Corporate urban furniture, public space, and money. A sketch for an artistic research project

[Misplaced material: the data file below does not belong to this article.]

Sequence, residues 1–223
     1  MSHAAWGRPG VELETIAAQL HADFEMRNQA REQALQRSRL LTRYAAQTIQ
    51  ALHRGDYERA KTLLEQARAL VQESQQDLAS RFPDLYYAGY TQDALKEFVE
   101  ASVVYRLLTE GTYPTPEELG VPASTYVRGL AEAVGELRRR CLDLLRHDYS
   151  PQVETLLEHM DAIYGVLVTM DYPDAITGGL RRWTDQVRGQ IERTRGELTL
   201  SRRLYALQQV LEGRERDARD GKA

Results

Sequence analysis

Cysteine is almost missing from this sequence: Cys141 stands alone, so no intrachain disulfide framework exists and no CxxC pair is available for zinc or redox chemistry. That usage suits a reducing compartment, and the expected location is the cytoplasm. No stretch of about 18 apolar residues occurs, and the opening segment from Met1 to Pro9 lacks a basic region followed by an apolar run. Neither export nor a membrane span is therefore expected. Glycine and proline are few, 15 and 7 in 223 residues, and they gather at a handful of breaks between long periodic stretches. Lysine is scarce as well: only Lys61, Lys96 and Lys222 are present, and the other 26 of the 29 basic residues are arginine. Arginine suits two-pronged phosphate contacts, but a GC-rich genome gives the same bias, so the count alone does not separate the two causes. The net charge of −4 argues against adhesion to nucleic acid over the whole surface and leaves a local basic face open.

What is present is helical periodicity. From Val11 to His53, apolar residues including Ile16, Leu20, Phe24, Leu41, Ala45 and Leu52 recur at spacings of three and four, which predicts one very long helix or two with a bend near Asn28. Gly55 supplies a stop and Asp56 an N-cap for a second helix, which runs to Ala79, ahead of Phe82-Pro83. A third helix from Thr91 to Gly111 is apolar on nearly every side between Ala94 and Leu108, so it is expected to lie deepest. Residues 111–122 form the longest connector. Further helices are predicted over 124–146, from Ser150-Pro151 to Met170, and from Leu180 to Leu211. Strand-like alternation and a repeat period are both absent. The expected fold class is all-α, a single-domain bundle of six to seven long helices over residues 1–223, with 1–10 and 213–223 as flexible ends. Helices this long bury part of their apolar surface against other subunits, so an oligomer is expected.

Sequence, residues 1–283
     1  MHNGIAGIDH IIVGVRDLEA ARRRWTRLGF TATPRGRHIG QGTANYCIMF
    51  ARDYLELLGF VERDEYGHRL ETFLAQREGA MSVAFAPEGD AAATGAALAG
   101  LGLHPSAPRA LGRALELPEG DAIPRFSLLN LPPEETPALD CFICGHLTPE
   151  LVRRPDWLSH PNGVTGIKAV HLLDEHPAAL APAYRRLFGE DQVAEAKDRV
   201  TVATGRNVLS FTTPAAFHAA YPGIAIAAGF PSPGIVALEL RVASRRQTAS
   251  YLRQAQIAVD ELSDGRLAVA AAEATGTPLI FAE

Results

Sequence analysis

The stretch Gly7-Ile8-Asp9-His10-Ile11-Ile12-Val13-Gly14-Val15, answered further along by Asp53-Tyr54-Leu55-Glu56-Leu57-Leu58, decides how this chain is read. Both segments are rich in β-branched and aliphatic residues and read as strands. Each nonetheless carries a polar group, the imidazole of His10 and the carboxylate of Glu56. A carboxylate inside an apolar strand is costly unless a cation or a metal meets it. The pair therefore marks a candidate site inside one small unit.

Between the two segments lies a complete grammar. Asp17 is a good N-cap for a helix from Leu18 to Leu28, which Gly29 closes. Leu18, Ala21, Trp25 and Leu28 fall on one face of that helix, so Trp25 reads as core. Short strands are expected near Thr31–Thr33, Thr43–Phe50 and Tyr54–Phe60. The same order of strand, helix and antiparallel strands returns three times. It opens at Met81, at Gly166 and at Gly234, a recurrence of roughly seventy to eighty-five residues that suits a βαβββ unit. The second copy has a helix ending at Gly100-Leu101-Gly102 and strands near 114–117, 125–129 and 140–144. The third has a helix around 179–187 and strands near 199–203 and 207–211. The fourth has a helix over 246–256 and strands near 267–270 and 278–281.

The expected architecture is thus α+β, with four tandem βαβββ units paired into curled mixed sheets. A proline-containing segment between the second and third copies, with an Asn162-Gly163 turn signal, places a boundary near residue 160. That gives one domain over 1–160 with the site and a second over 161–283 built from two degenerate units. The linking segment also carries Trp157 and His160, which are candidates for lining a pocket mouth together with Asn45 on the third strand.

The basic idea of the project is a Marx-inspired analysis of the economic logic of corporate urban furniture with a focus on exploring it's spatial patterns. It's not about a rigid application of the Marxian technical apparatus, but, as a start, about embracing his critical perspective on economic patterns. The first step in Marx' critique of political economy was a sorrow historical analysis of how economic surplus is generated: in order to be able to critique economic inequality one has first to understand the regime of capital accumulation that produces the inequality. The first volume of his Das Kapital is a minute analysis of contemporary modes of the generation of economic surplus with a particular focus on Great Britain and the so-called Manchester-capitalism, as well as of then current theories of economic surplus such as e.g. Riccardo's and Smith'. Only after this empirico-historical analysis Marx sets out for his own theoretical description of capitalist accumulation and economic surplus in the subsequent volumes of the Capital, posthumously published (and edited) by Friedrich Engels.